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Publication numberUS4952686 A
Publication typeGrant
Application numberUS 07/127,347
Publication dateAug 28, 1990
Filing dateDec 1, 1987
Priority dateDec 1, 1987
Fee statusLapsed
Also published asDE3853138D1, EP0319129A2, EP0319129A3, EP0319129B1
Publication number07127347, 127347, US 4952686 A, US 4952686A, US-A-4952686, US4952686 A, US4952686A
InventorsDonald W. Renn, George E. Lauterbach, Peter Hemmingsen
Original AssigneeFmc Corporation
Export CitationBiBTeX, EndNote, RefMan
External Links: USPTO, USPTO Assignment, Espacenet
Soluble dried cassia alloy gum composition and process for making same
US 4952686 A
Abstract
A process and composition is provided for a hydratable, alloy gum composition of Cassia gum and another gelling and thickening agent which composition is capable of forming a clear, stable colloidal solution. The compositions are usually more easily dispersed in an aqueous solution than either component alone. An alloy gum composition of Cassia gum and xanthan gum is particularly useful for absorbing an aqueous medium.
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Claims(24)
We claim:
1. A solid alloy gum composition comprising galactomannan gum extracted by an aqueous medium from seeds of the genus Cassia coprecipitated with a solubilizing quantity of a gelling and thickening agent selected from the group consisting of carrageenan, furacellaran, agar, agarose, agaropectin, dextran, xanthan, algin, carboxymethylcellulose, gellan, low methoxyl pectin, hydroxyethylcellulose, locust bean gum, deacetylated chitin, polyacrylamide, polyethylene glycol and polyvinyl alcohol to form a solid alloy gum composition which forms a substantially clear, stable colloidal aqueous solution on rehydration.
2. The alloy gum composition of claim 1 wherein up to about 4 parts by weight of galactomannan gum extracted from seeds of the genus Cassia is present per part by weight of the gelling and thickening agent.
3. The alloy gum composition of claim 1 wherein the gelling and thickening agent is carrageenan.
4. The alloy gum composition of claim 2 wherein the gelling and thickening agent is carrageenan.
5. The alloy gum composition of claim 1 wherein the gelling and thickening agent is xanthan.
6. The alloy gum composition of claim 2 wherein the gelling and thickening agent is xanthan.
7. The alloy gum composition of claim 1 wherein the gelling and thickening agent is agar.
8. The alloy gum composition of claim 2 wherein the gelling and thickening agent is agar.
9. The alloy gum composition of claim 1 wherein the gelling and thickening agent is hydroxyethycellulose.
10. The alloy gum composition of claim 2 wherein the gelling and thickening agent is hydroxyethylcellulose.
11. The alloy gum composition of claim 1 comprising at least one additional gelling and thickening agents.
12. The alloy gum composition of claim 2 comprising at least one additional gelling and thickening agent.
13. A process for producing a solid hydratable alloy gum composition comprising galactomannan gum extracted from Cassia seeds and a gelling and thickening agent selected from the group consisting of carrageenans, furacellaran, agar, agarose, agaropectins, dextran, xanthan, algin, carboxymethylcellulose, gellan, low methoxyl pectin, hydroxyethylcellulose, locust bean gum, deacetylated chitin, polyacrylamide, polyethylene glycol, and polyvinyl alcohol, the alloy gum composition which forms a substantially clear, stable colloidal aqueous solution, the process comprising: extracting seeds of the genus Cassia with an aqueous medium to form a soluble extract portion and an insoluble residue portion, incorporating into the soluble extract portion a solubilizing quantity of said gelling and thickening agent and coprecipitating therefrom a solid alloy gum composition which forms a substantially clear, stable colloidal aqueous solution on rehydration.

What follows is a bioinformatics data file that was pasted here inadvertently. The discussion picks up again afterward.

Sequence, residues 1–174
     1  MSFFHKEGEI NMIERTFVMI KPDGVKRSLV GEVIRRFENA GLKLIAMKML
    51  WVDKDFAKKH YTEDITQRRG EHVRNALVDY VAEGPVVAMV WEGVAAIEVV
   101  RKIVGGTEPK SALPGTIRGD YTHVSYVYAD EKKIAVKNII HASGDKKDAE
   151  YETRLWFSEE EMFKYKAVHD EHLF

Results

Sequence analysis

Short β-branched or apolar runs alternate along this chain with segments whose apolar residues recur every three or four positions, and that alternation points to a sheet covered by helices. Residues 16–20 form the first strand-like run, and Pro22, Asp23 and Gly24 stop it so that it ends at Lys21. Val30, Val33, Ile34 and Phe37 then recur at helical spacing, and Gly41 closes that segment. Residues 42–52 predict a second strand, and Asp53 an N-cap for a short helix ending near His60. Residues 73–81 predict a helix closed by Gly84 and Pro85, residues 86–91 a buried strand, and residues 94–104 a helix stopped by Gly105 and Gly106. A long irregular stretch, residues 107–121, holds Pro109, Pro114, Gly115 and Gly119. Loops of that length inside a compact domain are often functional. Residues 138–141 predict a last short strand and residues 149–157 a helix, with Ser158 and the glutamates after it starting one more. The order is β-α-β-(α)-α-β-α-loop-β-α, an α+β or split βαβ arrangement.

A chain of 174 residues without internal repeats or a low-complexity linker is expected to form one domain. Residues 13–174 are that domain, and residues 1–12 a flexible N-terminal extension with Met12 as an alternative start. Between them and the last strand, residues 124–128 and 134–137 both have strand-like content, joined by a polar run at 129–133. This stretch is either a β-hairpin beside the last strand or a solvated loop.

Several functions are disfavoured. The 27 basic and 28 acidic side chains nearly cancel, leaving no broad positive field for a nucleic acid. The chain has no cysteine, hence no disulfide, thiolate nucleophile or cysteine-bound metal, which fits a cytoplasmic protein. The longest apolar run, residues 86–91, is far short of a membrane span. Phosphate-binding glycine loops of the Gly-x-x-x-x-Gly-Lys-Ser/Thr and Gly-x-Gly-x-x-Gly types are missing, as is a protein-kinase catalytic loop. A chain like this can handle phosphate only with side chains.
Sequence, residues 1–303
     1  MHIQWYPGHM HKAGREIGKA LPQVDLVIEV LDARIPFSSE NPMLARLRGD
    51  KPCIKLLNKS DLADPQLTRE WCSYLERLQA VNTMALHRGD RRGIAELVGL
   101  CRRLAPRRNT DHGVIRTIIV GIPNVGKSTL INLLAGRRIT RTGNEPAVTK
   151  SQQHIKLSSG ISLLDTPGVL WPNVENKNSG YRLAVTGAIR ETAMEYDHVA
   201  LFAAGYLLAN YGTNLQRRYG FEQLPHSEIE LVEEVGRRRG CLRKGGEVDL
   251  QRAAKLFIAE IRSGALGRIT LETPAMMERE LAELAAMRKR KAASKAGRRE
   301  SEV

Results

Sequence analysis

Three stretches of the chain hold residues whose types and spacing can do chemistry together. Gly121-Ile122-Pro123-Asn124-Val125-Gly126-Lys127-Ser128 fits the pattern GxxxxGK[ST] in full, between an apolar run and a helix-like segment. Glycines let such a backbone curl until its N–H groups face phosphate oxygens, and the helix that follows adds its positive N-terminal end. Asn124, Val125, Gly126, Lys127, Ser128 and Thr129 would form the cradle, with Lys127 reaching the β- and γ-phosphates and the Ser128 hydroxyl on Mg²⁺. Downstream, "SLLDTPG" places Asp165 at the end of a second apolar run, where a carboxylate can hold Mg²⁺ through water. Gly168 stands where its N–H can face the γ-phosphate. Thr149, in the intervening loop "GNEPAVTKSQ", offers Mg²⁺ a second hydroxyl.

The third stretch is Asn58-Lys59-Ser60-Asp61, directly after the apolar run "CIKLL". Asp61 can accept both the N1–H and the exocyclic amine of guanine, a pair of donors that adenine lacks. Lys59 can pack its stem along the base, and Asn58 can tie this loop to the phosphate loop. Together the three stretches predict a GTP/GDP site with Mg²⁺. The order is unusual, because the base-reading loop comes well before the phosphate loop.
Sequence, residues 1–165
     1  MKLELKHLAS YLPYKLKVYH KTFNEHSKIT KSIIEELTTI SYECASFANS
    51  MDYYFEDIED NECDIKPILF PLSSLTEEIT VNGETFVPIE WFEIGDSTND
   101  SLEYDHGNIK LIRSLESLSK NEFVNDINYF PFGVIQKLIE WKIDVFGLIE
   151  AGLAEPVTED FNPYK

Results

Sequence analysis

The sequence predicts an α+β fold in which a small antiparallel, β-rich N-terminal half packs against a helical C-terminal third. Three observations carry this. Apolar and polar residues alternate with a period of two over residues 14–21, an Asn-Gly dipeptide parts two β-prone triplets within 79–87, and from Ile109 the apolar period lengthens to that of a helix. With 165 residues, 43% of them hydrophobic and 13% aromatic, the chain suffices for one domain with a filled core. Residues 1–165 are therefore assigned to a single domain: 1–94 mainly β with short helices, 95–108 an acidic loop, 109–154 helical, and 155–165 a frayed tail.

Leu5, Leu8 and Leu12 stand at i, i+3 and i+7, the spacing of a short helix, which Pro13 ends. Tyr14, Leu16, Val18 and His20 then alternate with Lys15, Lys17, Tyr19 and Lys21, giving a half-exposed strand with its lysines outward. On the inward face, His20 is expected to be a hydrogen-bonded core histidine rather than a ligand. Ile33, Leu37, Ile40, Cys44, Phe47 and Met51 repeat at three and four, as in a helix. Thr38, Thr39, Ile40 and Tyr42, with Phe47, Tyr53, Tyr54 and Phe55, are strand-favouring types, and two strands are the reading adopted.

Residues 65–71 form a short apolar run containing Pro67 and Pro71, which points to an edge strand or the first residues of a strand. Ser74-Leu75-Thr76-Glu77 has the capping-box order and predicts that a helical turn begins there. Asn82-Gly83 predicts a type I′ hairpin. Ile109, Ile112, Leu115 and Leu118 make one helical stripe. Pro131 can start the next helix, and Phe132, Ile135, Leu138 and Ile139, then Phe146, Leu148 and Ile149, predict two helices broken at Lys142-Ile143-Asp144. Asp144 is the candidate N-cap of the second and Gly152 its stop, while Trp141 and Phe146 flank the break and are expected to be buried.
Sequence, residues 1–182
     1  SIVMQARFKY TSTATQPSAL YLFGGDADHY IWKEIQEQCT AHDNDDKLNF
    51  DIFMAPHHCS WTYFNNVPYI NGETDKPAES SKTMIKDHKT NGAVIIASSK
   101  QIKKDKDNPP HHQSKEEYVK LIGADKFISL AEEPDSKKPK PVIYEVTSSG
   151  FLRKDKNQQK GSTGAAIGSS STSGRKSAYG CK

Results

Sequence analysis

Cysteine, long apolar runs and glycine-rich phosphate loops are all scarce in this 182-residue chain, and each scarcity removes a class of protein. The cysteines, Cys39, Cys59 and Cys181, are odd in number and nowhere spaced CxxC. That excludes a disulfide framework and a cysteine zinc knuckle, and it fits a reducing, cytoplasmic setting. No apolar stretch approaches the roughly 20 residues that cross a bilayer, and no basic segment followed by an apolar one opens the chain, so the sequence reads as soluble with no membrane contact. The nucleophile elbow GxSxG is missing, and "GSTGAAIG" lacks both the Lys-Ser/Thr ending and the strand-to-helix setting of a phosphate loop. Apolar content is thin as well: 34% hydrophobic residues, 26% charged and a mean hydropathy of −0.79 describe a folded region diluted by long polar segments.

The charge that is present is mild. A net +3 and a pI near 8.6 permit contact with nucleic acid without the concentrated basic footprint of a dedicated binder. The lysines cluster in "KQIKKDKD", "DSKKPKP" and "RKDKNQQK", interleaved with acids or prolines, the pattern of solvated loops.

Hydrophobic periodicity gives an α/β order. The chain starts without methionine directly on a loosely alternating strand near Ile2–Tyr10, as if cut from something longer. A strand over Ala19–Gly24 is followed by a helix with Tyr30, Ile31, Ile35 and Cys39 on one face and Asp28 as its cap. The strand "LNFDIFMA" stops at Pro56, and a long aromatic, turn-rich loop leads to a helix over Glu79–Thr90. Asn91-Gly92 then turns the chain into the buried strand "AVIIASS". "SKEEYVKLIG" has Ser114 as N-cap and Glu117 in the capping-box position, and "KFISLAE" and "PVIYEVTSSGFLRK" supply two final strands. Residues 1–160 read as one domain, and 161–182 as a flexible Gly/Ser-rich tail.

14. The process of claim 13 wherein the alloy gum is coprecipitated by incorporating a sufficient quantity of a water-miscible solvent into the soluble extract portion to form a coagulum in a supernatant liquid and drying the separated coagulum.
15. The process of claim 14 wherein the water-miscible solvent is isopropanol.
16. The process of claim 13 wherein the gelling and thickening agent is carrageenan and the soluble extract portion is coprecipitated with potassium ions, separating the precipitate from the soluble extract and drying the separated precipitate.
17. The process of claim 13 wherein the alloy gum is coprecipitated by evaporating the aqueous medium.
18. The process of claim 13 wherein the insoluble residue portion is separated from the soluble extract portion prior to coprecipitating the alloy gum.
19. The process of claim 14 wherein the insoluble residue portion is separated from the soluble extract portion prior to coprecipitating the alloy gum.
20. The process of claim 15 wherein the insoluble residue portion is separated from the soluble extract portion prior to coprecipitating the alloy gum.
21. The process of claim 16 wherein the insoluble residue portion is separated from the soluble extract portion prior to coprecipitating the alloy gum.
22. The process of claim 17 wherein the insoluble residue portion is separated from the soluble extract portion prior to coprecipitating the alloy gum.